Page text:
NorCal

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Is there a survey associated with this post? Can't see it.

I started making wine for two reasons - romanticized notions of being a winemaker; and, total distain for the state-run liquor monopoly in PA.
There is, I see it at the top of the thread. Hobby is in the lead.
 

NorCal

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@NorCal, good thread, you said you know what motivates you but are you going to tell us or should we start guessing. LOL!
To me, it is a hobby. I enjoy creating something that is both scientific and artistic, that can be shared with others. However, if I could buy a better wine than what it costs me to make (not including my time), I would move on to another hobby.
 

mainshipfred

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To me, it is a hobby. I enjoy creating something that is both scientific and artistic, that can be shared with others. However, if I could buy a better wine than what it costs me to make (not including my time), I would move on to another hobby.
For me putting a cost on it is a little difficult especially when starting due to the purchase of the equipment. Plus my palate is really not there in judging the quality of a wine so it's hard for me to compare costs. I'm glad you excluding time in your equation. I remember other threads discussing the cost of making wine where time was debated.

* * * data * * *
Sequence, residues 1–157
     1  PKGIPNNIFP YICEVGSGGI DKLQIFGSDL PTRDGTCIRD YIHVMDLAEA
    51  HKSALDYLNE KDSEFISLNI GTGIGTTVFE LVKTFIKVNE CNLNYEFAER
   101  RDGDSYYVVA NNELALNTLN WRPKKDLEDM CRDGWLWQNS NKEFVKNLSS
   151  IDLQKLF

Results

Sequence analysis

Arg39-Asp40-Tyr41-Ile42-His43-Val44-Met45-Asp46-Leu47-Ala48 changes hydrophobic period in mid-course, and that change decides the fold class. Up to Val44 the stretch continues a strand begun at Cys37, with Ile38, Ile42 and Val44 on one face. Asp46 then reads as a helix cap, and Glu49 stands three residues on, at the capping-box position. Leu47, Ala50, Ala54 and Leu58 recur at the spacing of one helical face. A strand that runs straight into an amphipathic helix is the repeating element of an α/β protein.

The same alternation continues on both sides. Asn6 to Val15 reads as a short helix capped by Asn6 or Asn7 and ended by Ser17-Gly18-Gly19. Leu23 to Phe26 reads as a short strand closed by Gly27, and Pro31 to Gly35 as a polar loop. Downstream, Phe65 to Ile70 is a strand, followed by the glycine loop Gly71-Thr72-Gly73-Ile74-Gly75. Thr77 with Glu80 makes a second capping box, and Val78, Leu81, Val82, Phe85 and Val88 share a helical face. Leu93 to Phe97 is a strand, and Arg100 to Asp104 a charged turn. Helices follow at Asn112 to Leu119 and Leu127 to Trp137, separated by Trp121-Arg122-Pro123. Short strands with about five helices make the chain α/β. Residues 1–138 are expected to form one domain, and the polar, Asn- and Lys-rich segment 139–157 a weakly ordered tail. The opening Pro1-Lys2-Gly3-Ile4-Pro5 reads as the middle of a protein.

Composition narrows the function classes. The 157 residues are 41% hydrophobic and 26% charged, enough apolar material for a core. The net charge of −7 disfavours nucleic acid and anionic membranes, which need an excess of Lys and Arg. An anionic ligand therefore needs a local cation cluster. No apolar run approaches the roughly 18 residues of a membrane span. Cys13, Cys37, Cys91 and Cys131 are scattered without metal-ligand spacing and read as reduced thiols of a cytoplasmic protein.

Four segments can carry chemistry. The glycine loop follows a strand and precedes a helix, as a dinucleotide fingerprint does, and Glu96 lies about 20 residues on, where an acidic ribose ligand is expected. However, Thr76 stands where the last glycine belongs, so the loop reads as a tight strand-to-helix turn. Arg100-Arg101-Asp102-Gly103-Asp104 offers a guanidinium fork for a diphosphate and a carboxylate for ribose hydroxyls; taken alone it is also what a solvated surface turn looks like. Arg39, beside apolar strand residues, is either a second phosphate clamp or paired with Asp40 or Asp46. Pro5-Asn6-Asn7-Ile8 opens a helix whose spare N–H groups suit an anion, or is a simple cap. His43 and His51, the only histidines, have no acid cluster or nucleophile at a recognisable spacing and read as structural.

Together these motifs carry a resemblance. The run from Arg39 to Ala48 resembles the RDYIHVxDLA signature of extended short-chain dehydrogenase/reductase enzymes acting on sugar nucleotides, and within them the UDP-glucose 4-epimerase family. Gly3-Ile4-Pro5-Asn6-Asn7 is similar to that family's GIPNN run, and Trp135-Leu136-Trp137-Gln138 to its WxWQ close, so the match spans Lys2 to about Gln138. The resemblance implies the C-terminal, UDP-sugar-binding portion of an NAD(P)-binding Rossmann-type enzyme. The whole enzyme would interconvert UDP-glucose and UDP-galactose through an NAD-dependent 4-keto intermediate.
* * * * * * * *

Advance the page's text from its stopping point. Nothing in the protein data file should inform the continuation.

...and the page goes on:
Johnd

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For me, there are numerous reasons. It’s the enjoyment of doing something well that is difficult, complex, and challenging to multiple parts of my being (like patience!!!). I love to learn about and improve at new things. It’s also awesome to have all of the tools and toys that go along with winemaking. I really like that something that I’ve guided through the natural process and nurtured for years, can be shared and enjoyed with others, and in a simple bottle, with a cork, and is captured and preserved for years or decades. There’s also a certain mystique with winemaking that others find interesting and intriguing and seem to like to ask questions and talk about, and those conversations are enjoyable.
 

mainshipfred

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There’s also a certain mystique with winemaking that others find interesting and intriguing and seem to like to ask questions and talk about, and those conversations are enjoyable.[/QUOTE]

I agree, the comradery even though rarely face to face is very enjoyable. This is the only forum I have ever been involved in and is mostly quite civil. No experience but I've heard horror stories about others.
 

Scooter68

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I make my own wine because I want particular types of wine not blends - example good luck finding real blueberry, peach, apple, black currant.

The vast majority are blends of other juices with 'some' other juices and more often than not those other juices are the dominant item in those wines.
Personally I'll just go buy a Riesling, Zin other other grape wines but Fruit wines - good luck in that hunt.